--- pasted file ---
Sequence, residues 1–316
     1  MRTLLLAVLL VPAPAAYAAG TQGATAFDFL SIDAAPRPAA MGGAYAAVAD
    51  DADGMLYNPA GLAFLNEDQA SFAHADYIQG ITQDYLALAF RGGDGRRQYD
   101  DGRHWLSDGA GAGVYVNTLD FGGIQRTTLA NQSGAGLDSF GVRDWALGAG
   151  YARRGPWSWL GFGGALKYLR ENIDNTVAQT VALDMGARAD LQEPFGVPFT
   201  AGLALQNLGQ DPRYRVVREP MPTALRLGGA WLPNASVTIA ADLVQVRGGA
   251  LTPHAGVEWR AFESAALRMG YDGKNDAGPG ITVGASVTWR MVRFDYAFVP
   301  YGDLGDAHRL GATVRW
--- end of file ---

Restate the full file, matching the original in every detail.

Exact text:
Sequence, residues 1–316
     1  MRTLLLAVLL VPAPAAYAAG TQGATAFDFL SIDAAPRPAA MGGAYAAVAD
    51  DADGMLYNPA GLAFLNEDQA SFAHADYIQG ITQDYLALAF RGGDGRRQYD
   101  DGRHWLSDGA GAGVYVNTLD FGGIQRTTLA NQSGAGLDSF GVRDWALGAG
   151  YARRGPWSWL GFGGALKYLR ENIDNTVAQT VALDMGARAD LQEPFGVPFT
   201  AGLALQNLGQ DPRYRVVREP MPTALRLGGA WLPNASVTIA ADLVQVRGGA
   251  LTPHAGVEWR AFESAALRMG YDGKNDAGPG ITVGASVTWR MVRFDYAFVP
   301  YGDLGDAHRL GATVRW